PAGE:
Mooshi the beautiful gift


Our beautiful cat Mooshi was a little skittish, having been feral in her first few months of life. She was strong and sweet, devoid of guile. She wasn’t a lap cat, didn’t like being picked up for long. She retained a little wildness and loved to play back and forth across her wild line especially in the crepuscular hour, but also holding to her dignity and pensiveness at times. You couldn’t touch her stomach, though you’d dearly wish your hand on such soft fur. The closest we could get was to gently cup her ribs when she stretched up the kitchen cabinet, her claws feeling for a crack above the drawer.

She grew sweeter and more beautiful as she aged. You may have wished for more cat cuddles but you got more than that. When she came into the kitchen she would ever so lightly brush past your leg. Sometimes she would lightly lean on the side of your calf. She might sit next to you with her paw barely touching your thigh. Limitation brings the most exquisite gestures, as love demands not the change we think is necessary. Love shines everything to show its light, and demands nothing.

God I miss her still, and that beautiful wordless communication that lives beyond the paltriness of language. I miss her daily movements, her thick multicolored fur, her sitting watchful and still, her sweet sleeping. I miss her fluid walk with tapping claws on the hardwood floor, her open unblinking stare. I miss the stalking games we played so often. The way she loved a strong back-rub (but not too strong), she would stay in one spot for a while then move a foot or two forward, waiting for more, ears tilted back listening in contact.

I saw her in every animal I looked at. In every pair of eyes, in wings and legs, and soft bodies. In the fullness of gesture most humans have lost.

The time since she died is like a space that increases, it’s distance my pain. Yet the metaphor of time/space is an illusionary marketplace of experience, for there is no time. Increasingly she is in my heart, sometimes walking with me, rubbing her cheek on mine, weaving joyfully around my legs, sitting with me in the park and watching the sunset and the swallows.

Love arises in the eternal and has no distance or fracture. This is what trusting the echo of our silence brings, for love never arises, never leaves, instead appears fully formed, the subterranean bedrock of all our being. And every act of love enriches us, for in this the eternal is boundless in its creativity. In love, life has no facility for death, just birth and birth and birth to brightness. The very reverse of our fearful thoughts — to darkness and darkness more, to dust.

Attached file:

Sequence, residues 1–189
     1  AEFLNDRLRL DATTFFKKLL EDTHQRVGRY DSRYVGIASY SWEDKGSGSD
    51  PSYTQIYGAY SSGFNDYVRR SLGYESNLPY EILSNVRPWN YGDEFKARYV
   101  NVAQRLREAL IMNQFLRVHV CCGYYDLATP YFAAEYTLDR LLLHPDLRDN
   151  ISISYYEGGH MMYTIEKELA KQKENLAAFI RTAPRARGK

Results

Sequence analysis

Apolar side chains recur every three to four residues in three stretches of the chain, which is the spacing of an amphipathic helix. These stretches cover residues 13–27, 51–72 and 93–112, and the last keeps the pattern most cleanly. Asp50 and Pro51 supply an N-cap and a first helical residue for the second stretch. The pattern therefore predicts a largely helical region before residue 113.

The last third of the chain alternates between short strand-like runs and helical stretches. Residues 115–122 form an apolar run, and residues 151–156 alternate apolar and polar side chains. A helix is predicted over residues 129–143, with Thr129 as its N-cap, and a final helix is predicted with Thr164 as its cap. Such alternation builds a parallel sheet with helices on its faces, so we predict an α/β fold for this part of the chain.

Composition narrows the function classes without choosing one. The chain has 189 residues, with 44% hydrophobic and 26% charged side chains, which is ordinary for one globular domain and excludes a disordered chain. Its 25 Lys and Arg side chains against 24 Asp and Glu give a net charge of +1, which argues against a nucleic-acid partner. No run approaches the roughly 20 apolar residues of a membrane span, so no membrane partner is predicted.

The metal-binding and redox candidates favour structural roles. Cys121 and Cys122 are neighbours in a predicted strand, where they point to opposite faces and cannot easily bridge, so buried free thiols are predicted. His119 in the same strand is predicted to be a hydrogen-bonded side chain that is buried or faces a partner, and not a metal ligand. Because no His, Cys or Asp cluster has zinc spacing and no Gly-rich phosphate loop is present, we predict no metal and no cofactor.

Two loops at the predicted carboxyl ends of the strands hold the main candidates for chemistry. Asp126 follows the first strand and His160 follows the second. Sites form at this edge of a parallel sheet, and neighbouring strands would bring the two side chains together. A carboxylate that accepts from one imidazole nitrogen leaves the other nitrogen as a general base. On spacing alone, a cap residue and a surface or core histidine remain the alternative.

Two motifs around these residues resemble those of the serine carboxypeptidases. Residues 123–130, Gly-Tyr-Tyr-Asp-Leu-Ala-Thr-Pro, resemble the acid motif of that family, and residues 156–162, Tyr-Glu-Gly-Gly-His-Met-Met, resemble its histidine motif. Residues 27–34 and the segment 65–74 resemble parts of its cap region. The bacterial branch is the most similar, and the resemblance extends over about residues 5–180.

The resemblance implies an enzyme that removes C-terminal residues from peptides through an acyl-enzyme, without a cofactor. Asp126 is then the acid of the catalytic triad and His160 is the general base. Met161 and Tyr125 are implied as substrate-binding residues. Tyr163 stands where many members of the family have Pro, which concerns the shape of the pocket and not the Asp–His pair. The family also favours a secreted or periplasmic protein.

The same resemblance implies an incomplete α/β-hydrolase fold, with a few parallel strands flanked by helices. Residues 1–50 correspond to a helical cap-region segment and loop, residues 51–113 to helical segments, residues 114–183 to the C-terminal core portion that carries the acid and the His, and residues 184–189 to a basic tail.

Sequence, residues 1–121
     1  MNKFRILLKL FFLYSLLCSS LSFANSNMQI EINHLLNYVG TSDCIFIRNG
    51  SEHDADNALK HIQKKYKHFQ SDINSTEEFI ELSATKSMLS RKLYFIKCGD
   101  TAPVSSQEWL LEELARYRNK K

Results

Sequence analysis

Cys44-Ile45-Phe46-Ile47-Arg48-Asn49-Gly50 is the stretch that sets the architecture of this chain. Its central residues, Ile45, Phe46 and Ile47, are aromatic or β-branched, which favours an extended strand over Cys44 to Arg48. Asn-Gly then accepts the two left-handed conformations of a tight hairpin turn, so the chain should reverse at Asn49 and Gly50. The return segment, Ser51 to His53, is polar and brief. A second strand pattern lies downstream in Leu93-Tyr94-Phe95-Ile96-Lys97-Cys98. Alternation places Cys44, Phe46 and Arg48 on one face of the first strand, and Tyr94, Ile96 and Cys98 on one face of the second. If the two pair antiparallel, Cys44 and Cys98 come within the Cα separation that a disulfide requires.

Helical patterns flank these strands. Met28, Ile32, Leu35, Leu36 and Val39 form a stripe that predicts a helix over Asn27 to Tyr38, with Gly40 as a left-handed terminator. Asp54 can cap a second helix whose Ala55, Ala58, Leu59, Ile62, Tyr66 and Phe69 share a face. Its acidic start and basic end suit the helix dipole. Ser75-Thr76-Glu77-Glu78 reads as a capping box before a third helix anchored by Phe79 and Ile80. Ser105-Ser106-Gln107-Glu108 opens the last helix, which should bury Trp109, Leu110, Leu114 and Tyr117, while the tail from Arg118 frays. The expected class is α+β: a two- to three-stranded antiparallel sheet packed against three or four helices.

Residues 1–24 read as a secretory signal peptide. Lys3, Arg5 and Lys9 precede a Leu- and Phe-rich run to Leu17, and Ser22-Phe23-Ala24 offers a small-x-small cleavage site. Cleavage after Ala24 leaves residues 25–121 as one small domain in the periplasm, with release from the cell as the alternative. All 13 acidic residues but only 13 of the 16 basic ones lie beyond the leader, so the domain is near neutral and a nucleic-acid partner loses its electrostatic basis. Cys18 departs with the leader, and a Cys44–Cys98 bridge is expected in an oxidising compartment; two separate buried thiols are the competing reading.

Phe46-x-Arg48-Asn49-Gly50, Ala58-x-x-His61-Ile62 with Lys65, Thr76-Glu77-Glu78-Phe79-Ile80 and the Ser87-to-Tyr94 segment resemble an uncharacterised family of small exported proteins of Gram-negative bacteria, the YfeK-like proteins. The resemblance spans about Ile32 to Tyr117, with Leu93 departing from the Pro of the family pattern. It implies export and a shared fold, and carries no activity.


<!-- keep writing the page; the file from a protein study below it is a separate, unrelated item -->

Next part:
The contemporary self-torture of the good person is “self improvement”. It’s a modern softer, slightly less violent version of its older moralizing predecessor. Its tools of trade are resistance, denial and demand. It walks right past the first step — to love and allow a natural being, an evaporation of suffering and conflict — that dissolves all thoughts and emotion, and allows their simplicity in the heart of wholeness. This first step is the last. An infinite variety of individuality is intended, no one is unintended by Life. All ones are unique as the One intended. Every human, animal, plant.

In this Mooshi was my teacher, her beauty and sweetness the crucible of my transforming.

It is said “You’re not a complete soul until you’ve loved an animal.” It has also been said there is no hierarchy of beings on Earth. Each and every creature is a unique tone and luster of the one Light. Only the most ignorant would claim to be higher than another. This brings an infinite orchestration of multitudinous being for which there is no name, no labeling, so no conceptual belonging or lostness.

Every act of kindness, of seeing-as-ness, of touching in simplicity, is the birth of an entire universe in a spaceless space that has no limit. I wonder how many such universes were created in the eleven years of my joyful interacting with this sweet animal?

Thomas Martin






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